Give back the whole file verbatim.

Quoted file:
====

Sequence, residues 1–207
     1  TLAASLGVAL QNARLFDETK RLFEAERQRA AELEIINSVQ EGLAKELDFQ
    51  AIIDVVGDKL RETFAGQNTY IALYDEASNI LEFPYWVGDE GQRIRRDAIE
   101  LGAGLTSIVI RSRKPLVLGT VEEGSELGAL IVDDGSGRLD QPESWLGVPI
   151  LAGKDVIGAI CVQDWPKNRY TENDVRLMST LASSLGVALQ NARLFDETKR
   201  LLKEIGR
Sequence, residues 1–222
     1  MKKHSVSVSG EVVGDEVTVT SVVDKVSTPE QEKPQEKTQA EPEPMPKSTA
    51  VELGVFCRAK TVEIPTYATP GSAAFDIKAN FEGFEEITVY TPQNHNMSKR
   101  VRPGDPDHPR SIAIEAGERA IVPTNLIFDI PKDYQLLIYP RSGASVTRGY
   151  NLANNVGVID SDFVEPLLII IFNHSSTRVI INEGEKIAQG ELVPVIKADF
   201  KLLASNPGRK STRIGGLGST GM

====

Sequence, residues 1–207
     1  TLAASLGVAL QNARLFDETK RLFEAERQRA AELEIINSVQ EGLAKELDFQ
    51  AIIDVVGDKL RETFAGQNTY IALYDEASNI LEFPYWVGDE GQRIRRDAIE
   101  LGAGLTSIVI RSRKPLVLGT VEEGSELGAL IVDDGSGRLD QPESWLGVPI
   151  LAGKDVIGAI CVQDWPKNRY TENDVRLMST LASSLGVALQ NARLFDETKR
   201  LLKEIGR
Sequence, residues 1–222
     1  MKKHSVSVSG EVVGDEVTVT SVVDKVSTPE QEKPQEKTQA EPEPMPKSTA
    51  VELGVFCRAK TVEIPTYATP GSAAFDIKAN FEGFEEITVY TPQNHNMSKR
   101  VRPGDPDHPR SIAIEAGERA IVPTNLIFDI PKDYQLLIYP RSGASVTRGY
   151  NLANNVGVID SDFVEPLLII IFNHSSTRVI INEGEKIAQG ELVPVIKADF
   201  KLLASNPGRK STRIGGLGST GM